Thursday, 20 March 2014

The Roman Conquest of Scotland: Guest Post by Nancy Jardine

Hello, Mark, I'm delighted to visit your blog once again as part of a mini launch-tour. This time it's for the release of book three of my Celtic Fervour series, After Whorl: Donning Double Cloaks, the official launch being on 25th March 2014.

The novel continues the stories of Brennus of Garrigill, Ineda of Marske and the Roman Tribune Gaius Livanus Valerius (the protagonists who featured in the earlier books), but the action takes place over a wider geographical area. It covers a period of around a decade, beginning in 74 AD, in Brigantia. The novel ends in the territory of the Taexali, in north-east Scotland, in the footsteps of the northern campaigns of Gnaeus Julius Agricola as Roman Governor of Britannia.

Agricola, as depicted in Georgian Bath. Photo: Ostrich (image is in the public domain).

During the tenure of Agricola's predecessor, Frontinus, Roman expansion within Brigantia seems to have been slow and steady. Treaties between Rome and Brigantia may have allowed the Brigantes to lead relatively normal lives, so long as they refrained from attacking Roman installations and personnel, and paid the agreed dues to Rome.

When Agricola became Governor in 78 AD, however, he seems to have been far less willing to leave the Brigantes alone, and his campaigns in northern Britain are recorded by his son-in-law, the historian, Tacitus. I have to be totally honest, and declare that I'd been waiting for a few years to write something about Agricola's campaigns in my home area of north-east Scotland. If I was going to retain the characters from the earlier books, however, that meant that they would have to do a fair bit of travelling. Conveniently for my plot, the range of hills known as Beinn Na Ciche (Bennachie), located in what was Taexali territory, is a prime contender as the site of the Battle of Mons Graupius, described in Tacitus's biography of Agricola. It may come as no surprise to readers of the earlier books in the series that the battle between the Roman Empire and a Celtic leader named Calgach is near Durno, opposite the foothills of Beinn Na Ciche.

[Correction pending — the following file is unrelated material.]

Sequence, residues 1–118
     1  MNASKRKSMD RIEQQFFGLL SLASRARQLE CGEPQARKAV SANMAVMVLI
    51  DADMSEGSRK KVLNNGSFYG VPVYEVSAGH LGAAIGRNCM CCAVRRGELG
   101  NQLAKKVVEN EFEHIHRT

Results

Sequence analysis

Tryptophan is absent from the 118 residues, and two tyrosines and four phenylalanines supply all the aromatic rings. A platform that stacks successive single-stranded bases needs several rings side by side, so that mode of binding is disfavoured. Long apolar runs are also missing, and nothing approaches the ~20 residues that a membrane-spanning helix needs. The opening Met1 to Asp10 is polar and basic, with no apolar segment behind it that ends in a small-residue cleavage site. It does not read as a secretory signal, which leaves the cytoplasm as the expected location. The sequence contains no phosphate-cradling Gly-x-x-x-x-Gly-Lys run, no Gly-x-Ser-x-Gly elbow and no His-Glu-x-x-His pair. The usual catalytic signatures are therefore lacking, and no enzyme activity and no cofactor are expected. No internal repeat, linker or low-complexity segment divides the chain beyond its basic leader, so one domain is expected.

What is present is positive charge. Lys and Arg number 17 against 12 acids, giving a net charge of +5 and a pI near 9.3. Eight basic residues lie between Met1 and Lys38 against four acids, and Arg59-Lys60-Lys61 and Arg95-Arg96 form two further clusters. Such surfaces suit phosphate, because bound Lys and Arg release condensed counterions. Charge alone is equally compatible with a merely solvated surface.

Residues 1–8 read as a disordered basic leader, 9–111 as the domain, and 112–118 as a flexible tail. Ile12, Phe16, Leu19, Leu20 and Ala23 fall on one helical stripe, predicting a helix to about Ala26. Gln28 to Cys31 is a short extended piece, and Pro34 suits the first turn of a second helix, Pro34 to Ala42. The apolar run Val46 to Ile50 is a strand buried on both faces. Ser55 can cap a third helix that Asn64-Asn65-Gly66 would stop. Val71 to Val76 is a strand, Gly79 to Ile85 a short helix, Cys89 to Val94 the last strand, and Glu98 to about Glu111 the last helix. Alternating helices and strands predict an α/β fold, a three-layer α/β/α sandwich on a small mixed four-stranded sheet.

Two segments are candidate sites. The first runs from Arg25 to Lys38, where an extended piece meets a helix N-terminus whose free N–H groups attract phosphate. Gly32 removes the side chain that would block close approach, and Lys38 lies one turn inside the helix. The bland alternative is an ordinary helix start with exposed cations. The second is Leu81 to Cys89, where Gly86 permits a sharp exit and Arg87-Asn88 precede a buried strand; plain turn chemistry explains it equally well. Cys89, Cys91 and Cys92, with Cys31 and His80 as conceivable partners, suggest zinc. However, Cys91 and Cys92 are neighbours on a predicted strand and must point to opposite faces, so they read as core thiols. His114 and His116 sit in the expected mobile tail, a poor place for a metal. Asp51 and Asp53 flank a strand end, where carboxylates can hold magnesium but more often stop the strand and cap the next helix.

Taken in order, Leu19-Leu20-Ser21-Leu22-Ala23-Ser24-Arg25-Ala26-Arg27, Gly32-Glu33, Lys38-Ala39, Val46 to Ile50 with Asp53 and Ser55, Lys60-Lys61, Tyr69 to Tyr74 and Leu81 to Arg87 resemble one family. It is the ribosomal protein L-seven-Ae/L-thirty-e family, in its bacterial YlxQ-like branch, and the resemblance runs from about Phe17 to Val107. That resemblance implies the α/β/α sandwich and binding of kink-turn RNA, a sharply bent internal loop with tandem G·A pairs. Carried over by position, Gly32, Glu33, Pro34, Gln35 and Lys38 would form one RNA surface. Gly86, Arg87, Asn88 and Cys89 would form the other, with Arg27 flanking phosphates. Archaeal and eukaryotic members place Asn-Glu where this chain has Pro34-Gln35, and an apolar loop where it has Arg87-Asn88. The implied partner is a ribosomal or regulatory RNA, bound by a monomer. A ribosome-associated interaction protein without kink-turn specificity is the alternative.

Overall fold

Beinn Na Ciche. Photo: Nancy Jardine.

Reading about the routes taken by Agricola's legions on his northern campaigns, and learning about the extensive Gask Ridge Forts, which were built in north-east Scotland, was totally fascinating. It made even more of an impact since I've regularly travelled on the A90, a road which overlays many parts of the original "Roman" road to the North.

Key sites in northern Britain. Image: Nancy Jardine.

During the writing process, my journeys from Aberdeen to Glasgow and Edinburgh passed close to the areas where the so-called "glen blocker" forts were built, and I found it easy to imagine Agricola's legions tramping their way northwards. I could imagine how awesome (and I use that word with its true meaning) the sight must have been for the Celtic farmers who dwelt on the relatively flat, fertile plains between the glen-mouth openings and the sea.